And you can download NASA's Global Climate Model software for your own PC here, for free. It looks slick, but don't be shocked when your sleek new machine mumbles

OPEN(UNIT=2, FILE="GIGO.DAT",status='fucking_old')

But at least you don't have to find a USB compatible punched-card reader to input your FORTRAN deck.

They point out that higher emissions of greenhouse gases, caused by human activities, are expected to intensify the hydrological cycle in the Arctic, with higher precipitation there balanced by a reduction in the tropics.

Whatever you do, don't Google NASA cloud models and start reading the links, lest you find tons of random papers like this PDF.

The main conclusions are that i) almost all models strongly under-predicted both cloud cover and cloud amount in the stratocumulus regions while ii) the situation is opposite in the trade wind region and the tropics where cloud cover and cloud amount are over-predicted by most models. This deficiencies result in a over-prediction of the down-welling surface shortwave radiation of typically 60 W/m^2 in the stratocumulus regimes and a similar under-prediction of 60 W/m^2 in the trade wind regions and in the Inter Tropical Convergence Zone (ITCZ).

Global warming hysteria hinges on a 0.5 W/m^2 imbalance, when our cloud fudge factors run 60 to 100 W/m^2 or more, which isn't so bad since a recent NASA satellite resolved the debates about whether the earth is on average 50% or 75% covered by clouds. I'm just glad we didn't misplace a couple continents in the error bars.

They tested the model with four simulations which took into account both human inputs and natural factors, including solar variability and volcanic eruptions.

The results showed a steady increase in river discharges, especially since the 1960s, with the annual rate of increase since 1965 8.73 cubic kilometers, far greater than the long-term trend.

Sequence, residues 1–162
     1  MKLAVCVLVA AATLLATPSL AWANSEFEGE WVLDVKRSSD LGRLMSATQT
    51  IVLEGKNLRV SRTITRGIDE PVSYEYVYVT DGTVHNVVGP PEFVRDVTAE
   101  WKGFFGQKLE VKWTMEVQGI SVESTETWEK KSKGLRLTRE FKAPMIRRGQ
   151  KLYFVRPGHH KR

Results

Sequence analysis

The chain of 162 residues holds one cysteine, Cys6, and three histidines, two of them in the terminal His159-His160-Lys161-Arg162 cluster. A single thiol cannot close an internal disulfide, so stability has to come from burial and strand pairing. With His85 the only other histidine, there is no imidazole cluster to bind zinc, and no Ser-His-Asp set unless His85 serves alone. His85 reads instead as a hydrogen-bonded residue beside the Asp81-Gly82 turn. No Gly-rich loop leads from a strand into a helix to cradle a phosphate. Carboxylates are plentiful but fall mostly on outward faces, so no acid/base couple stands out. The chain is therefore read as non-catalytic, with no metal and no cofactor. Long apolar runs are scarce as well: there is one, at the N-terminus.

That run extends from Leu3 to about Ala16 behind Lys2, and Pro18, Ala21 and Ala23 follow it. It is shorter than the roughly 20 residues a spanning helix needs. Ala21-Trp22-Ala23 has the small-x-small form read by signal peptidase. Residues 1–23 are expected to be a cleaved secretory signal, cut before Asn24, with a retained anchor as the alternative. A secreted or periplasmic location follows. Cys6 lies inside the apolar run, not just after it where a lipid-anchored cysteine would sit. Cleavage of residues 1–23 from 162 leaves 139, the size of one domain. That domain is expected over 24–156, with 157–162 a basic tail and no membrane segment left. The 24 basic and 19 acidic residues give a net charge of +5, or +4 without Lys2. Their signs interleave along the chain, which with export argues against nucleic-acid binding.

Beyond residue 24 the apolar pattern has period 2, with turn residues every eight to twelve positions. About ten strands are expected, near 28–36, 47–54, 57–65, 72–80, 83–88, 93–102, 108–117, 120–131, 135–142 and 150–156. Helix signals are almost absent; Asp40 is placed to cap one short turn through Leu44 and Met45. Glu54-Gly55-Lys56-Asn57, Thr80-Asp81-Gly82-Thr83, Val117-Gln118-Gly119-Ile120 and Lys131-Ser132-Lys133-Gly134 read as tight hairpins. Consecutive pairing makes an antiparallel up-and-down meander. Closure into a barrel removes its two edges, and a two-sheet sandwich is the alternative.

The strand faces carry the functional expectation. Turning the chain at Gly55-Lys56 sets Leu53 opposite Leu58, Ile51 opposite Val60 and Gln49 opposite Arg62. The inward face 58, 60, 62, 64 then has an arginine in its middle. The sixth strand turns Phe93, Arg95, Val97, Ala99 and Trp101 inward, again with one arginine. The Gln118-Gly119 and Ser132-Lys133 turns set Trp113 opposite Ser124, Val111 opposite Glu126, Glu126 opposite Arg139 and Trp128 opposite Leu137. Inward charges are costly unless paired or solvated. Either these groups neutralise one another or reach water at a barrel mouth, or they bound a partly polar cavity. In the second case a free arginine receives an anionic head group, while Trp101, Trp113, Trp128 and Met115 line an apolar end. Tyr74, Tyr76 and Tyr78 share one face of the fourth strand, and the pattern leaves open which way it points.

Strangely enough, this "steady increase" must've been occurring during the cooling trend prevalent during the 1970's, one so pronounced it had everyone worried about the next ice age. Since then moonbattery has advanced enough to worry about simultaneous broiling and freezing, an idea that earlier climate modelers didn't think an educated public would buy into. Thank goodness for the NEA.

The simulations excluded human impacts in one instance and natural impacts in another, and included all factors in a third.

Over the past four decades, they say, human activity played the major role in the increased flows, and it is likely that the upward trend is part of the early stages of an intensified hydrological cycle.

Keep in mind that the only way they can get a climate model to keep from exploding within 10 days of simulated time is to punch in fudge factors till it achieves stability, what with the 10% errors all over the place. But once one model achieves stability, just use the magic of billions of floating point calculations to indirectly say "T(co2_induced)=T(natural) + 2.0;" and then sit back and listen to the jingling cash registers.

Dr Peili Wu, a team member, told the BBC: "It looks clear to us that this is an early signal of human-induced climate change. If only natural factors were involved, you wouldn't get these results.

That's because the model has to get tweaked till it quits exploding, always step one, which to create the "natural" reference model. Step two involves kicking it, while step three is the press release.

It is possible the increase in fresh water entering the Arctic Ocean could contribute to an alteration in the thermohaline circulation, because it is diluting the saltiness of the seawater and reducing its density."

It's also possible that most climate modelers have to predict disaster or find another job. Just remember, we must reduce the earth's global temperature to avoid an impending ice-age, where we'll find ourselves having to keep cool by breaking off glacier hunks in the backyard.

January 23, 2005 in Global Warming | Permalink | Comments (16) | TrackBack